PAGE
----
Virginia to end state holiday honoring Confederate generals

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FILE- In this June 27, 2017 file photo a statue of Confederate General Robert E. Lee stands in the middle of a traffic circle on Monument Avenue in Richmond, Va. Virginia Democrats seized control of the General Assembly last week and that means Confederate statues could soon be coming down in a state that’s full of them. (AP Photo/Steve Helber, File)

RICHMOND, Va. (CNN NEWSOURCE) — Virginia legislators are working to end the state’s tradition of honoring Confederate generals.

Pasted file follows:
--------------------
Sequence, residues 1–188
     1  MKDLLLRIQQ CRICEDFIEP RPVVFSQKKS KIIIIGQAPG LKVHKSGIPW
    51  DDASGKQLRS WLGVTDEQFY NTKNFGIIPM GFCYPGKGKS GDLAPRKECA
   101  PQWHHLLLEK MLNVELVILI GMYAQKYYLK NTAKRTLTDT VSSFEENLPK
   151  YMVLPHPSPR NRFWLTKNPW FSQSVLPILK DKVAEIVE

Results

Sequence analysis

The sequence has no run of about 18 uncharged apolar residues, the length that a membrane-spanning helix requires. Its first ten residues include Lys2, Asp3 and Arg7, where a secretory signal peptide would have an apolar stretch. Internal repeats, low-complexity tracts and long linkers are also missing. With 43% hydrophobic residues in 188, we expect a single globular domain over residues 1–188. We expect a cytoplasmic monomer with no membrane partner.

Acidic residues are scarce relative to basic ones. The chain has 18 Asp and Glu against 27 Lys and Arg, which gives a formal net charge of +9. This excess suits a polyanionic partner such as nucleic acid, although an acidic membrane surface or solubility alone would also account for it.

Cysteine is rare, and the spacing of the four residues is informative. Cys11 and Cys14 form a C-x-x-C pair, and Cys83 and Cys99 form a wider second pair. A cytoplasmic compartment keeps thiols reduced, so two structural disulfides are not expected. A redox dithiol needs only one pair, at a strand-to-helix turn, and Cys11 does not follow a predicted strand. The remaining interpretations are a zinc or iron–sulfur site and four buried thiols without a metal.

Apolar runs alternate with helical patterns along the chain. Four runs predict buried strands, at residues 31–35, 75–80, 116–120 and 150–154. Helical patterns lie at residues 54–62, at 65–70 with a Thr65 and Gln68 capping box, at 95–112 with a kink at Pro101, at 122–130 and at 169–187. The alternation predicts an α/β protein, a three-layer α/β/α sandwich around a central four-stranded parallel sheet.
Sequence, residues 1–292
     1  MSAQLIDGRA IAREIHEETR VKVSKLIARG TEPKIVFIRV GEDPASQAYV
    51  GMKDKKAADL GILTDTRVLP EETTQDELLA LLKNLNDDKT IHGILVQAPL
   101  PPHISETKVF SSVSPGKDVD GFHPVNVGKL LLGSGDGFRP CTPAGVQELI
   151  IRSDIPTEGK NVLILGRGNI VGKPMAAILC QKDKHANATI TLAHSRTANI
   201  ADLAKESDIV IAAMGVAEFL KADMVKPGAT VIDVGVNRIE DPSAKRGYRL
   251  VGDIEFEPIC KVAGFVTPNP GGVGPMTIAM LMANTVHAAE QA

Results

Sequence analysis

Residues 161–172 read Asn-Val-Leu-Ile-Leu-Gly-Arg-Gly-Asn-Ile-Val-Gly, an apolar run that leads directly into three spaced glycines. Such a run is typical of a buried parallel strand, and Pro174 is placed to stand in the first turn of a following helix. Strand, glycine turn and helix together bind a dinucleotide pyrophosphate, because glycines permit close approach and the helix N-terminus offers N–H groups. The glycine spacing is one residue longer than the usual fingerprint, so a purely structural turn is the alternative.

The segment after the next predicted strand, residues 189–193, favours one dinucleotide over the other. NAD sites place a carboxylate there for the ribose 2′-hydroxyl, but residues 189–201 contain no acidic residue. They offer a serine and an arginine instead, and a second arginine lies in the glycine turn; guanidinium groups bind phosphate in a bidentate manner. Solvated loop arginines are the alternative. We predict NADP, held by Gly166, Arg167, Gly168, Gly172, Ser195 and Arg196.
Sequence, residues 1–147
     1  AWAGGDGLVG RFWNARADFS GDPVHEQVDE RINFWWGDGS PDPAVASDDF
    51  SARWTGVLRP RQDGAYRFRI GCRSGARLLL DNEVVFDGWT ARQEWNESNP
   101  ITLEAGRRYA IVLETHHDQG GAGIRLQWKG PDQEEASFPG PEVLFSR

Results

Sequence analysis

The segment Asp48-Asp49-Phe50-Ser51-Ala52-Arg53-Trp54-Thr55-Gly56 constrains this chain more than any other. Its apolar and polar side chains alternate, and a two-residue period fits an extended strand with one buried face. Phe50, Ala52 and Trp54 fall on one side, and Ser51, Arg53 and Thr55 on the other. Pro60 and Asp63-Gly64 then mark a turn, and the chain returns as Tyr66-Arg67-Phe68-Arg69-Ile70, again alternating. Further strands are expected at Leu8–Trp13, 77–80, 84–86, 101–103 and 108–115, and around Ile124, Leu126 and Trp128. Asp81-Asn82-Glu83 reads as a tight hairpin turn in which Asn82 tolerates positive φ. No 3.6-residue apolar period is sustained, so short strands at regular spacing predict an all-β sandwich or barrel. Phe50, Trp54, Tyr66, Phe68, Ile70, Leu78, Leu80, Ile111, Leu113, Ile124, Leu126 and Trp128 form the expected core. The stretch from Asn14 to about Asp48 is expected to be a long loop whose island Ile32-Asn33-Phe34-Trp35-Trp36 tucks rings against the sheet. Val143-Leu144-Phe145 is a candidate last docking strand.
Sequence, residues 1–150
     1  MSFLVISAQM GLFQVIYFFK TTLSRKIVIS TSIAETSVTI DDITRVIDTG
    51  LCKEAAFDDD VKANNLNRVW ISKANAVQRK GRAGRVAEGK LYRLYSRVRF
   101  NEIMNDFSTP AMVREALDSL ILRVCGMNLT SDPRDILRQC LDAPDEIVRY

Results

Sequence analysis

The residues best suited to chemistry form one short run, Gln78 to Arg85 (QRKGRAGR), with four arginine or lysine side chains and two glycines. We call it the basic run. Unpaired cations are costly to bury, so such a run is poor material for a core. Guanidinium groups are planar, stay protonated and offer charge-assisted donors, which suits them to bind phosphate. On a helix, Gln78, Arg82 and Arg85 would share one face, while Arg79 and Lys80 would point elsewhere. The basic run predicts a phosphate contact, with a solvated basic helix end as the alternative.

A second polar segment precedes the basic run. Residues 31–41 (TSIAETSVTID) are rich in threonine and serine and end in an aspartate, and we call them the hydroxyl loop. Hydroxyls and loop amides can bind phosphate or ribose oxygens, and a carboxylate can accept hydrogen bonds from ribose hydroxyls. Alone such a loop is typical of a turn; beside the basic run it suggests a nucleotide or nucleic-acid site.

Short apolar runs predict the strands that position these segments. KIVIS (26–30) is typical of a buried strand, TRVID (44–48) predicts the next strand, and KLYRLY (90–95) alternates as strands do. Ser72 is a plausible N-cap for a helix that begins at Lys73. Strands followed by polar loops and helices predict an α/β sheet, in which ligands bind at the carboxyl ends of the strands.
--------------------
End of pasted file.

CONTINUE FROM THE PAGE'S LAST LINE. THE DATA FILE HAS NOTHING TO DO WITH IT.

This week, the Virginia House of Delegates voted to eliminate Lee-Jackson Day from the list of state holidays. It is observed in January, the Friday before Martin Luther King Jr. Day and honors Robert E. Lee and Thomas “Stonewall” Jackson as “defenders of causes.”

Both men owned slaves and fought to preserve slavery in the United States.

In its place, the House bill proposed the state replace the holiday with Election Day, the first Monday in November, instead.

The Virginia Senate passed an identical bill last month.

Both chambers will need to approve the legislation before it goes to the governor for signature.


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